Ok guys, do you remember your own hand? That hand you copied so many times, that fist, that cramp that came while you deformed it? Here you are, you should repeat the procedure but this time you will not have to copy only the outlines of your fingers. You must work hard and point on your hand the dramatic light of a lamp, because this time you should draw your hand and shade it. 
If you are drawing using a HB  pencil then shade using a B or 2B. You will realize soon that it is not so difficult to find the darkest points: the hard part is not to make the whole drawing uniformly black or uniformly gray and creating well balanced halftones. 
You may find some difficulties, yeah right! all normal, because in fact you're seeing your hand in colors (as long as you're not color blind) and you're just simplifying your hand colors using the greyscale instead. So, don't give up! It was hard for everyone at the beginning.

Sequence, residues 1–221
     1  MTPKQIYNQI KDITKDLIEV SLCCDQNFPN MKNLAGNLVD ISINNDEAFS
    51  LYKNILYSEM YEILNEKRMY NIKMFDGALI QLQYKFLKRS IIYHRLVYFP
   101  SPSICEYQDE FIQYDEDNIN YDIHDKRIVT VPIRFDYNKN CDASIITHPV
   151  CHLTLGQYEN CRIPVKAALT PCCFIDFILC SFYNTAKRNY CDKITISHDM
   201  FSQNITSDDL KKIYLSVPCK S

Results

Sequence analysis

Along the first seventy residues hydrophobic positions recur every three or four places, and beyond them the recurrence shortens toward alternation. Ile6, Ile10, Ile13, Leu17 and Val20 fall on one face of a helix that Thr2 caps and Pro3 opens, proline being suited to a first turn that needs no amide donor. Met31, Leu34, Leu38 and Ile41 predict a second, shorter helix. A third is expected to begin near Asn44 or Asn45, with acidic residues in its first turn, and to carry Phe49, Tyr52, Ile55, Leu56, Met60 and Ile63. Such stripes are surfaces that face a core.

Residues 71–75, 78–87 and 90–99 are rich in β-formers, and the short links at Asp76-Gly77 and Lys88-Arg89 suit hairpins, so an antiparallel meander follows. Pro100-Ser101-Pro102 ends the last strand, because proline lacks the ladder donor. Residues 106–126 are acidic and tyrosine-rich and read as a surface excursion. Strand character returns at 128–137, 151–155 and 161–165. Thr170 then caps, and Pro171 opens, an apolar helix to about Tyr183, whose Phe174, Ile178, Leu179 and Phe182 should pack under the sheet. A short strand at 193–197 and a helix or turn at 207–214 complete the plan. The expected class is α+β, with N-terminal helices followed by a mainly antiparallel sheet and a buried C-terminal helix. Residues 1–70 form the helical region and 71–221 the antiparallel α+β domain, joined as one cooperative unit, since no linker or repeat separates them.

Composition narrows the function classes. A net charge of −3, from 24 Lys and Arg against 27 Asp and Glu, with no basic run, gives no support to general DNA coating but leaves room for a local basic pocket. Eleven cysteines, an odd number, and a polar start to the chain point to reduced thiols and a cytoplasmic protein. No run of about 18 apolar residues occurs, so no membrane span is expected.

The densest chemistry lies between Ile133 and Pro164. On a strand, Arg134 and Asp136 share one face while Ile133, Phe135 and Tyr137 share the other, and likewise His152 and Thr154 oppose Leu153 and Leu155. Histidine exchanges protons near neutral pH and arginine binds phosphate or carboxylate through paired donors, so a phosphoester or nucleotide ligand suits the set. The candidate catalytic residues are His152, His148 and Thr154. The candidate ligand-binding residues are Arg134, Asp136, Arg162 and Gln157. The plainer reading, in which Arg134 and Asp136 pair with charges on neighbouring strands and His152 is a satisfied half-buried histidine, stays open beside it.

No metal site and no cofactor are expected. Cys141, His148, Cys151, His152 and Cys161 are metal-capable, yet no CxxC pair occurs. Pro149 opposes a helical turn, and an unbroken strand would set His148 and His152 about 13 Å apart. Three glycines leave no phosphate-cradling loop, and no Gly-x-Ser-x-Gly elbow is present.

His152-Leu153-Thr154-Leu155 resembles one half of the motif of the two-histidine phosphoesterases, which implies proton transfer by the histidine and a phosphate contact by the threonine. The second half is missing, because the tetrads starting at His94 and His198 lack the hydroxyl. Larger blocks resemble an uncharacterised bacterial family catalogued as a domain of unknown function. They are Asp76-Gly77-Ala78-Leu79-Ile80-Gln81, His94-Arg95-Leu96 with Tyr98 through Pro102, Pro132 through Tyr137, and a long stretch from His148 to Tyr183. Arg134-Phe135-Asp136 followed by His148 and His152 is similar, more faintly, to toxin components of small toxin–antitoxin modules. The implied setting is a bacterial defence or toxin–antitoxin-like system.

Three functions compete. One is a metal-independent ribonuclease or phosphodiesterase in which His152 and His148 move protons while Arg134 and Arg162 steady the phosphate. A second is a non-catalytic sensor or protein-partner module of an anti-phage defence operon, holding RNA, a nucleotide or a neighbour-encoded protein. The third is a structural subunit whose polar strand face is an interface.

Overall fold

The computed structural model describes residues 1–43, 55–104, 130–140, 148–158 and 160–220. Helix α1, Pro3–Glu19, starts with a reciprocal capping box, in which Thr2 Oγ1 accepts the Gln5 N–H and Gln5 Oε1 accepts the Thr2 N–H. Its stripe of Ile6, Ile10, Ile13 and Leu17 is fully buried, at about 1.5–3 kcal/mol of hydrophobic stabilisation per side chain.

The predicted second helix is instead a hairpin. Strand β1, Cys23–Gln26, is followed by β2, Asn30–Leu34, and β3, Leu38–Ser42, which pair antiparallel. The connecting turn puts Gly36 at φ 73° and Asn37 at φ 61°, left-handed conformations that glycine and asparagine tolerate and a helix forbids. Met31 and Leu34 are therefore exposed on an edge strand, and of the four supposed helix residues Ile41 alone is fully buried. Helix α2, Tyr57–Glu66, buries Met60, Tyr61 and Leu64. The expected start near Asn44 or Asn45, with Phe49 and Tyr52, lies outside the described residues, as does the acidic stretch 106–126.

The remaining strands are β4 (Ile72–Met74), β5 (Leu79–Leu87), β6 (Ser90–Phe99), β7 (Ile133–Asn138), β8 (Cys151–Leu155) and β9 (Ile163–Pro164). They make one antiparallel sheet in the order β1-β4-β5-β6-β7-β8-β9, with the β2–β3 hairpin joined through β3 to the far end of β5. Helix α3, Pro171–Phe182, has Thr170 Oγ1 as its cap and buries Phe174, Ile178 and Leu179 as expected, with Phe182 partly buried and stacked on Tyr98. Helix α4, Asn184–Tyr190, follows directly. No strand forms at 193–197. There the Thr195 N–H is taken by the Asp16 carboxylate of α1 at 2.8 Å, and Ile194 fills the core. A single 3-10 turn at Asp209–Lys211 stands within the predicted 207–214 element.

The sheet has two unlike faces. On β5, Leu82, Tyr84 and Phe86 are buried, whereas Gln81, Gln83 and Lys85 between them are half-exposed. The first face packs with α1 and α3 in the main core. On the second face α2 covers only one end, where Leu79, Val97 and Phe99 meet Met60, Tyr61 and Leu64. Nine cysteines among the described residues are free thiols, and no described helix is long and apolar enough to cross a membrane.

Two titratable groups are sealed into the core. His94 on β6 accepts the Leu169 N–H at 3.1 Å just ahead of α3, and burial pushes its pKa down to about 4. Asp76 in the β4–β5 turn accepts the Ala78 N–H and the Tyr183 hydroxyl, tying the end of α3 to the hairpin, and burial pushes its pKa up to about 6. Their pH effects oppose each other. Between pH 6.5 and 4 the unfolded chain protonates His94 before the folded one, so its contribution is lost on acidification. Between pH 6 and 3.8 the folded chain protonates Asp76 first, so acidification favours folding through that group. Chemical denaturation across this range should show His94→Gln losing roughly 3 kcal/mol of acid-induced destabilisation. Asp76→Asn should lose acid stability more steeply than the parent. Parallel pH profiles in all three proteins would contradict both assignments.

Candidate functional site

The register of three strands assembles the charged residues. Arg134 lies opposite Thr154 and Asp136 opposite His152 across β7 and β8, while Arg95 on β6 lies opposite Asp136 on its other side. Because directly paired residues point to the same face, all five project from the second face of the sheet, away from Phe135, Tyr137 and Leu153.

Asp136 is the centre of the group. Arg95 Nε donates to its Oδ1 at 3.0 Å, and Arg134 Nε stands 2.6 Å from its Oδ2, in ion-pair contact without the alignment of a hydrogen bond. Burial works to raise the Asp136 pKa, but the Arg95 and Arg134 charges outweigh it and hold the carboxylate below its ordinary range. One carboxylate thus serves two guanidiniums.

Repeat this exercise every 2/3 days until you can see a clear difference between the first hand  (remember to write the date on the drawings!) and the last hand you drew. Are you satisfied with your improvemente?  Good, because you will have more fun following STEP 3. 

These are practical examples of a good result.

  A study in hands 2 by Spectrum-VII
Hand anatomy by Elthenstorm



STEP 3


Since you are already conversant with your left hand (or right that it is) and you say you know it by heart (if you say so...), now I'm asking you to take your colored pencils and do an experiment. This time I'm asking you NOT to do a preliminary sketch in pencil of your drawing: just draw one or both of your feet, using colored pencils only on semi rough paper F4 of different colors (I recommend a white, a grey, a blue and a black for a good start). Again, do not stop until the result satisfies you. Write the date on the work because now the interesting part begins.